On 31 March 2015 the AFL Anti-Doping Tribunal found all thirty-four players not guilty of all charges. In January 2016 following an appeal by WADA against the AFL Tribunal's not guilty finding, Watson, along with the other 33 players, had their not-guilty verdict overturned. All 34 players were suspended for two years, backdated to March 2015, ending in November 2016, meaning that he will miss the entire 2016 AFL season. Watson's 2012 Brownlow Medal was won for the season during which the supplements program took place, and the AFL Commission has announced that after all avenues for appeal are closed, it will review whether or not Watson will be allowed to keep the medal.
- Statistics are correct to the end of the 2016 season.
|Totals||Averages (per game)|
Honours and achievements
|Brownlow Medal votes|
|Green / Bold = Won|
- The Age Watsons show it's still a family game By Caroline Wilson. 29 June 2003
- Michael Gleeson, 12 July 2008. "Jobe's jolt". The Age, Retrieved 4 August 2009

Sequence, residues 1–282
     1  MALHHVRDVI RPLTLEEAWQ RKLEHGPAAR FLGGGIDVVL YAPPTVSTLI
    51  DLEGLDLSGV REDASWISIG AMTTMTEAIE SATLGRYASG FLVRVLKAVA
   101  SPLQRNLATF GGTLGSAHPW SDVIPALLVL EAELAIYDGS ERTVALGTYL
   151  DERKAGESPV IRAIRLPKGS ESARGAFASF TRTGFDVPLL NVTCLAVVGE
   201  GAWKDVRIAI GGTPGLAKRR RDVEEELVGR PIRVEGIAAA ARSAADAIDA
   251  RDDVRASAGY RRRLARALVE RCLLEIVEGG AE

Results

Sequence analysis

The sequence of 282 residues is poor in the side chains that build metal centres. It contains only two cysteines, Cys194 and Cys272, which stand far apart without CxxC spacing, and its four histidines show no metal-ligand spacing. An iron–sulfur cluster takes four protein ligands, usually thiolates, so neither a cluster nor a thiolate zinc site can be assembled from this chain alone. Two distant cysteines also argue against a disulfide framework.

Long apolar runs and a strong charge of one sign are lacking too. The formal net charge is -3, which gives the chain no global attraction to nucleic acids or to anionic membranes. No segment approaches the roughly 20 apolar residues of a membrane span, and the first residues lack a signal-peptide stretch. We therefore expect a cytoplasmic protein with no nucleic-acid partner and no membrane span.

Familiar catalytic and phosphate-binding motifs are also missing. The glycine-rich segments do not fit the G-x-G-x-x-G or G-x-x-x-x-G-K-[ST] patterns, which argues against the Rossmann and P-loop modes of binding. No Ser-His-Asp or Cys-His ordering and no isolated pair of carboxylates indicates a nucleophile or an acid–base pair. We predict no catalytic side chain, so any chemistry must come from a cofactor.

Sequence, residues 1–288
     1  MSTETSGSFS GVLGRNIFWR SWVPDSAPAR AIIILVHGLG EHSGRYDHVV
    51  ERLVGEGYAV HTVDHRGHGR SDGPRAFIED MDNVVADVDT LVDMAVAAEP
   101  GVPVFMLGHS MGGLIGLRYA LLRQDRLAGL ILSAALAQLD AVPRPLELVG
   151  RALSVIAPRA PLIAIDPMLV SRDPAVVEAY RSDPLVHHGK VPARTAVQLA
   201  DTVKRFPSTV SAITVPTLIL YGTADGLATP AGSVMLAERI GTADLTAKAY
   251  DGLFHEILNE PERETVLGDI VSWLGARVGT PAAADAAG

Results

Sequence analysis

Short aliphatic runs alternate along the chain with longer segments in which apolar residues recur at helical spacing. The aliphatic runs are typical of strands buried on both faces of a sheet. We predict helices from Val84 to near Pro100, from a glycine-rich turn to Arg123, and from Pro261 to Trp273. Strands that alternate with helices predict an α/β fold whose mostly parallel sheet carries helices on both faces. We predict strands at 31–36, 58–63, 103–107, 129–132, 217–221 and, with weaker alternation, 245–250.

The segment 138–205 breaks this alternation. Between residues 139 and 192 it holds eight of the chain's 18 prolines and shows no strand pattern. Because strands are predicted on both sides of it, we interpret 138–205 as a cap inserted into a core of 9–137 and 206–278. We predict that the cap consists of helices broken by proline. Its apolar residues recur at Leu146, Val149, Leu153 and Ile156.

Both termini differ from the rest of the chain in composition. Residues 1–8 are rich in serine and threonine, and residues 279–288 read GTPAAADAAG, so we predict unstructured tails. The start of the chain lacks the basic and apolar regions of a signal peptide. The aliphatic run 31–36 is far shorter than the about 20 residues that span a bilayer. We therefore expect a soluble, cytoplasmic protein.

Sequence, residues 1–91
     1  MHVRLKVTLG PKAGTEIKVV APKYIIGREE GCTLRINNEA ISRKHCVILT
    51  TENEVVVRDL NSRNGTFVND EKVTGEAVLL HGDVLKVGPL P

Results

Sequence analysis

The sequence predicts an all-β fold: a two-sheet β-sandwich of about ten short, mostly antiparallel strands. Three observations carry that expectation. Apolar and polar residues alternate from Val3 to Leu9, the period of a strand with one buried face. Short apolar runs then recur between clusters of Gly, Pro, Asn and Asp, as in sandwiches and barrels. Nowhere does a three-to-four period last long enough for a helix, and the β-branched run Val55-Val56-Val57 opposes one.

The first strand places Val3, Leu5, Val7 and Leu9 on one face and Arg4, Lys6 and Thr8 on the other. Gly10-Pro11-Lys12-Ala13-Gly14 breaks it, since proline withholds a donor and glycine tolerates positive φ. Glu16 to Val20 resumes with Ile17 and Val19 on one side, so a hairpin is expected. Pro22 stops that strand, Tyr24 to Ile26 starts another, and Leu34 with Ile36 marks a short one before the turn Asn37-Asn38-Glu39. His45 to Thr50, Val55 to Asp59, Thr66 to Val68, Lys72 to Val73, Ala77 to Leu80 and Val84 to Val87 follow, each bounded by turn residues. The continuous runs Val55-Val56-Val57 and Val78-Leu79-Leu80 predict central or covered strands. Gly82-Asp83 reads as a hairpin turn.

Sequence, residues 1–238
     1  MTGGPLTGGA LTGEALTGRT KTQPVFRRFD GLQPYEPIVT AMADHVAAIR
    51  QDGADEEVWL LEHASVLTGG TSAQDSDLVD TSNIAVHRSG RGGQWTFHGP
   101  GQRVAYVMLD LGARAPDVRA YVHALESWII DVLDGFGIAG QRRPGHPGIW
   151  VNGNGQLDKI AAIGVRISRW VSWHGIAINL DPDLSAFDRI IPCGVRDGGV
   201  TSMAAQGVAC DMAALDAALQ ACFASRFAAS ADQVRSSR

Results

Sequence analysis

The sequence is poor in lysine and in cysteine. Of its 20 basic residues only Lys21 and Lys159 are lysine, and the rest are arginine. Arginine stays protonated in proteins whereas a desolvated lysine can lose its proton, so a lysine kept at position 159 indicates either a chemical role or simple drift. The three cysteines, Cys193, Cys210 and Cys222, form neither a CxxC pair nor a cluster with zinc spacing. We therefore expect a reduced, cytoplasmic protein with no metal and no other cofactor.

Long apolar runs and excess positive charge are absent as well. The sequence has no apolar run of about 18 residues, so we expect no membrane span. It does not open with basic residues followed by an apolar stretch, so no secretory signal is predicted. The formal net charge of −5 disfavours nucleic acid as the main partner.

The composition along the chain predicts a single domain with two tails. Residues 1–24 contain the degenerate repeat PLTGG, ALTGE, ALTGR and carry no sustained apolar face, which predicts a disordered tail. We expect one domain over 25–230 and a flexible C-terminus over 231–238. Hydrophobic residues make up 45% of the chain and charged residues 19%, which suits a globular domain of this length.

- Watson wins 2009 Crichton Medal 30 Sept 2009
- Herald Sun  21 September
- Watson finishes equal seventh in Brownlow stakes 21 September 2010
- Jobe takes out Charlie 24 September 2012
- I took banned drug: Watson
- WADA statement on substance AOD-9604
- Robinson, Mark; Warner, Michael (1 July 2013). "ASADA has confirmed that banned drug AOD-9604 is prohibited under any circumstances". Herald Sun.
- Twomey, Callum (March 31, 2015). "Thirty-four present and former Bombers cleared of all drug charges". AFL.com.au. Retrieved March 31, 2015.
- King, Travis (12 January 2016). "Guilty: court bans the Essendon 34 for 2016". AFL.com.au. Retrieved 12 January 2016.
- Pierik, Jon (12 January 2016). "Essendon CAS verdict: Jobe Watson could be stripped of Brownlow Medal, review in February". The Age. Retrieved 16 January 2016.
- Matt Thompson (11 February 2016). "The Essendon 34 appeal: Frequently asked questions". Retrieved 11 February 2016.